New well-being solutions through piloting
New digital solutions that promote health and well-being are being developed in the Kalasatama Wellbeing piloting programme.
- In the future, instead of being a service provider, the City of Helsinki increasingly wants to be an enabler of new, innovative services. The Kalasatama smart district is leading the way in this development. It is a piloting platform that promotes new innovation, says Development Manager Kaisa Spilling from Forum Virium Helsinki, describing the background idea of the Smart Kalasatama project.
Forum Virium Helsinki is the City of Helsinki’s innovation unit that is making Helsinki the leading smart city in the world in cooperation with companies, the scientific community and the residents of Helsinki.
- Developer, facilitator, mediator, piloting agent, Kaisa Spilling lists the various roles of Forum Virium.
Startups and big corporations brought together
In autumn 2017, Forum Virium led the launch of the new project Smart Kalasatama Co-designing Wellbeing. Laurea is its research partner in the project, running until the end of 2018 and funded by the Helsinki-Uusimaa Regional Council.
The Kalasatama Wellbeing piloting programme is implemented as part of the project. The objective of the programme is to add momentum to the development of digital solutions that promote health and well-being. SMEs and startups with ideas related to urban well-being have been invited to join the piloting programme.
The objective is to find ways for residents to take better care of their well-being using digital solutions.
The ideas chosen for the piloting programme will be co-created and piloted in the Kalasatama district.
- The participation of the large partner companies in the district introduces a new perspective into this project. The participants include SRV, which is the company building the REDI shopping centre, KESKO, whose new K-kampus main office building is being built in Kalasatama, and Forum Virium’s partner CGI, explains Development Manager Spilling.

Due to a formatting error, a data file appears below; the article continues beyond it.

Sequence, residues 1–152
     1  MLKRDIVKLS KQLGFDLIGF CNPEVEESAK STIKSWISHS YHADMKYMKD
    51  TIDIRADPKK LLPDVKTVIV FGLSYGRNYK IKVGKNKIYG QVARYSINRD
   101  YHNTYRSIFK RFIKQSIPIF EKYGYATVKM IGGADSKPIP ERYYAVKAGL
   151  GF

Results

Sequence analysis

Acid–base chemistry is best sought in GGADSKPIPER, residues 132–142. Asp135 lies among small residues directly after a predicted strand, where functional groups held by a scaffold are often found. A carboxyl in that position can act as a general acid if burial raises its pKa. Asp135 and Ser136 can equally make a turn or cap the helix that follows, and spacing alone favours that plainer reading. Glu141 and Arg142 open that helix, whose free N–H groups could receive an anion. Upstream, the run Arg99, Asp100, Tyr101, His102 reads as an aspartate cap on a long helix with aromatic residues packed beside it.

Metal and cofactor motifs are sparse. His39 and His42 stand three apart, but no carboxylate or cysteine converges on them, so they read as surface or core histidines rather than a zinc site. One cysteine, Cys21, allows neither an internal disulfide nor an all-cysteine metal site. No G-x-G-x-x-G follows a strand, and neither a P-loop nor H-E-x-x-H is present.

- Cooperation between the public sector and large companies will result in new ideas and synergies, which is very interesting also for the startups taking part in the piloting programme.
Startups and SMEs were invited to join the programme early in the year. In early March, the 10 most interesting ideas were invited to the Jam co-creation event, facilitated by service design students from Laurea. The students had also collected material for support by interviewing city residents.
Agile piloting brings ideas alive
Eventually, three to five piloting sprints will be chosen from among the teams:
- The piloting will provide the companies with genuine user experience and valuable customer feedback for the development of their product and business model. In addition, the active network at Kalasatama provides them with a fantastic opportunity to find new partners for collaboration, Kaisa Spilling adds.
For a few years now, Kalasatama has been the home of the Programme for Agile Piloting, with over 10 small-scale pilots carried out so far. Social services and health care pilots have used the development and experimentation platform developed at Laurea in 2016.
One of the objectives of the Smart Kalasatama Co-designing Wellbeing project is the further development of this experimentation platform model to make it serve a new, more extensive ecosystem that includes both large and small companies.
- Agile piloting has helped us to create a model that will incorporate the urban community into the development and piloting of services in a new way, says Spilling as she summarises the benefits.
- Today, Kalasatama has 3,000 residents, of which over 800 have in some way participated in our projects, pilots and other activities.
Agile piloting speeds up the refining of ideas into real services, which is why the programme has often included early-stage prototypes.
- In many cases, ideas have advanced considerably in the process, Ms Spilling continues.
“The Kalasatama development and piloting platform unites different players and also provides a platform for learning. First, it is a learning platform for our Master’s level students who have had the opportunity to apply their service design competence. Second, this cooperation is a great opportunity for Laurea to learn the best possible ways to help companies learn and gain the maximum benefit from the piloting process.”
Anne Äyväri, Principal Lecturer, project manager for the Smart Kalasatama Co-designing Wellbeing project at Laurea.